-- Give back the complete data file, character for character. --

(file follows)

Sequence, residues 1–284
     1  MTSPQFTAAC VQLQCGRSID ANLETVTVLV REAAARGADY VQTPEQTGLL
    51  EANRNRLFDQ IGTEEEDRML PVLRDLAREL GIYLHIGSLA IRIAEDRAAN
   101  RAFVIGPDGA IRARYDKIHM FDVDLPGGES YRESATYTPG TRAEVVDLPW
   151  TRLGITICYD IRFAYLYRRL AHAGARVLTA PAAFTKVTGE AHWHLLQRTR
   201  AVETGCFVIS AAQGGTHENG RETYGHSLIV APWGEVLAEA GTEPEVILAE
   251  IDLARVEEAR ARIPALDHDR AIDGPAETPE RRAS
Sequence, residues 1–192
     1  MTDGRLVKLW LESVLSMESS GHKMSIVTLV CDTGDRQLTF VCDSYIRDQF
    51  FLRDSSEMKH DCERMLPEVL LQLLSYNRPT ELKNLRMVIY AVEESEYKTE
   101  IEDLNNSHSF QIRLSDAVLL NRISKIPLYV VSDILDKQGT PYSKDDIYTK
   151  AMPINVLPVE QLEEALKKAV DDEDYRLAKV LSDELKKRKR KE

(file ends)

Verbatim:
Sequence, residues 1–284
     1  MTSPQFTAAC VQLQCGRSID ANLETVTVLV REAAARGADY VQTPEQTGLL
    51  EANRNRLFDQ IGTEEEDRML PVLRDLAREL GIYLHIGSLA IRIAEDRAAN
   101  RAFVIGPDGA IRARYDKIHM FDVDLPGGES YRESATYTPG TRAEVVDLPW
   151  TRLGITICYD IRFAYLYRRL AHAGARVLTA PAAFTKVTGE AHWHLLQRTR
   201  AVETGCFVIS AAQGGTHENG RETYGHSLIV APWGEVLAEA GTEPEVILAE
   251  IDLARVEEAR ARIPALDHDR AIDGPAETPE RRAS
Sequence, residues 1–192
     1  MTDGRLVKLW LESVLSMESS GHKMSIVTLV CDTGDRQLTF VCDSYIRDQF
    51  FLRDSSEMKH DCERMLPEVL LQLLSYNRPT ELKNLRMVIY AVEESEYKTE
   101  IEDLNNSHSF QIRLSDAVLL NRISKIPLYV VSDILDKQGT PYSKDDIYTK
   151  AMPINVLPVE QLEEALKKAV DDEDYRLAKV LSDELKKRKR KE